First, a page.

23rd Sandhill Crane Festival Set For Jan. 18-19

Saturday, January 11, 2014
- photo by TWRA

The Tennessee Wildlife Resources Agency will be among organizations set to host the 2014 Tennessee Sandhill Crane Festival to be held on Jan. 18-19 at the Hiwassee Refuge and in the community of Birchwood.  This will be the 23rd  anniversary for the event which will run from 8 a.m. until 5 p.m. each day.

The Tennessee Sandhill Crane Festival is a celebration of the thousands of sandhill cranes and numerous other waterfowl and shorebirds that migrate through or spend the winter on and around the Hiwassee Refuge and Birchwood.  It is also an opportunity to focus attention on the rich heritage of the state and the Native American history of the area at the near-by Cherokee Removal Memorial.  The Memorial recently dedicated a new addition to the park with the placement of a memorial wall displaying the 1835 Cherokee Nation censes.

"If you enjoy National Geographic magazine's photos and educational TV programs, then you can experience the wonder of Tennessee wildlife by watching not only thousands of sandhill cranes, but also see endangered whooping cranes, bald and golden eagles, and a variety of other native wildlife species at the Hiwassee Refuge," said Dan Hicks Region III I&E coordinator and festival committee chairman. “In addition to the wildlife viewing, there are also craft vendors, food, free shuttle buses, and activities for the entire family.

“The Festival continues only with the support of conservation minded organizations.  We thank Olin-Chlor Alkali Products for sponsoring the event along with this year’s partners, the Tennessee Wildlife Federation, Tennessee Ornithological Society, Birchwood Area Society Improvement Council (Birchwood Community Center), and Cherokee Removal Memorial."

This year’s State Ornithologist, Scott Somershoe, Tennessee Wildlife Resources Agency, will present an update on the status and research concerning Tennessee’s golden eagle population on Saturday;  and, on Sunday, TWRA Region III Biodiversity Coordinator, Chris Simpson, will present a program on Bats in Tennessee (research update).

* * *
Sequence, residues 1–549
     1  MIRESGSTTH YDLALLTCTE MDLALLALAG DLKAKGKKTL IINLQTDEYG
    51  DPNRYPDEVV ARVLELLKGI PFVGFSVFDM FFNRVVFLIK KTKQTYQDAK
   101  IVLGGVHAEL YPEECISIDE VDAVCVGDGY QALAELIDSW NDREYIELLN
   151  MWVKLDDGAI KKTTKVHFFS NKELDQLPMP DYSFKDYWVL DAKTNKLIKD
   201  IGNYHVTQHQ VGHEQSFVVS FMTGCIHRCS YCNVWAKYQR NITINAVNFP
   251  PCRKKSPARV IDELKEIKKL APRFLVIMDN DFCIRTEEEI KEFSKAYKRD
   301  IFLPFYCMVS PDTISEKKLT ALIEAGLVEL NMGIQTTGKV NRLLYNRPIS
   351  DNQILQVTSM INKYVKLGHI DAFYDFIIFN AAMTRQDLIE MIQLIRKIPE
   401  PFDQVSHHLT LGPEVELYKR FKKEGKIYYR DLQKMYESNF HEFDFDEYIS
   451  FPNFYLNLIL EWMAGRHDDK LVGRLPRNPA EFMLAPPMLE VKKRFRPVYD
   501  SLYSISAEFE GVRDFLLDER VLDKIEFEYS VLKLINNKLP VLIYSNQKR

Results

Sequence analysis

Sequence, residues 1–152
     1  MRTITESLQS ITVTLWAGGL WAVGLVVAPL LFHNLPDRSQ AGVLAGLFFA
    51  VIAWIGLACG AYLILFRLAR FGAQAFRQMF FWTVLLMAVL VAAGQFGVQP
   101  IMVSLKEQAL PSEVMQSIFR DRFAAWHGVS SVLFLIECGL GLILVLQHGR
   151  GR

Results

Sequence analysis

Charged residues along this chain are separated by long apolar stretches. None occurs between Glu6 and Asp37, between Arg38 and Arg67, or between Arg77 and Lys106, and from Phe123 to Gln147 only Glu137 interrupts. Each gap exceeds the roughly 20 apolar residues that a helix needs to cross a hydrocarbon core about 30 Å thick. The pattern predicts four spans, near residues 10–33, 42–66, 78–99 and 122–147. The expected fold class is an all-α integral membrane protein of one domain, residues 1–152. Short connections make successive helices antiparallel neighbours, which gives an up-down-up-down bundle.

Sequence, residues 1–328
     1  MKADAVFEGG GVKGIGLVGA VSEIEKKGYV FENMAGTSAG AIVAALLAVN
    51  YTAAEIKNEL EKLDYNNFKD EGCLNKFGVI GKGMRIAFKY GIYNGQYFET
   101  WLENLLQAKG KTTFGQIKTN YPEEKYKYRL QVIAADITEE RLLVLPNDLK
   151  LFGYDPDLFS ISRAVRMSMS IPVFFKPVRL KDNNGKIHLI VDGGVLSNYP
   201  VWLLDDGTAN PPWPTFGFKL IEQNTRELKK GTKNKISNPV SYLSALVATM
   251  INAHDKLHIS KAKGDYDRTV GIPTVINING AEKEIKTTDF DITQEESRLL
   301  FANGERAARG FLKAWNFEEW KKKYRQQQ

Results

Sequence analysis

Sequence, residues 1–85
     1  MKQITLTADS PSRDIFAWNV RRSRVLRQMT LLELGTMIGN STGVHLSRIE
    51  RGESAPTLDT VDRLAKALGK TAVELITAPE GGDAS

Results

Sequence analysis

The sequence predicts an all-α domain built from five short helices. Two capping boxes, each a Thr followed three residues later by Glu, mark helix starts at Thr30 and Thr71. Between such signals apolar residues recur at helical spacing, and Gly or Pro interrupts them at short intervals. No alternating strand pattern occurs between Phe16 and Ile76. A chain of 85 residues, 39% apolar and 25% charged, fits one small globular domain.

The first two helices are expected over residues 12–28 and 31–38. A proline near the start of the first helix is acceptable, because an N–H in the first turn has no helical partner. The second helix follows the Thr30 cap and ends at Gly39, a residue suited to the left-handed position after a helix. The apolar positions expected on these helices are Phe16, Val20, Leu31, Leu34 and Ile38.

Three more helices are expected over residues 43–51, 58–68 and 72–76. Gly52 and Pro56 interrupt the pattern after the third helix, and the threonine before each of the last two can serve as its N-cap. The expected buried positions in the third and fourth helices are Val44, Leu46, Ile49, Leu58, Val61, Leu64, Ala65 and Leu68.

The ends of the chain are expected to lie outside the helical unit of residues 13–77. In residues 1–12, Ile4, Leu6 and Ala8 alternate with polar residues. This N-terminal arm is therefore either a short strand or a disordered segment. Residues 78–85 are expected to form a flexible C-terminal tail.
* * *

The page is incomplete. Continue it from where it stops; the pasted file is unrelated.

Beginning in the early 1990s, the recovering population of eastern sandhill cranes began stopping at the Hiwassee Refuge on their way to and from their wintering grounds in Georgia and Florida.  TWRA has been managing this refuge for over 60 years for waterfowl, and the cranes found a perfect combination of feeding and shallow water roosting habitat.  Now as many as 12,000 of these birds spend the entire winter at the confluence of the Hiwassee and Tennessee rivers.

Along with the opportunity to view the birds during the festival, special programs will also be held each day at the Birchwood Community Center (formerly the Birchwood Elementary School).

The Birchwood Community Center will be a focal point during the festival.  The center will host vendors, programs, food in the cafeteria and parking for shuttle transportation to the refuge.  In addition, overflow parking will be available at Birchwood Baptist Church.  Shuttle buses will run continuously from the school and church throughout the day to both the refuge and Cherokee Memorial. The refuge will only be accessible by shuttle bus with the exception of handicap parking and event workers’ permits.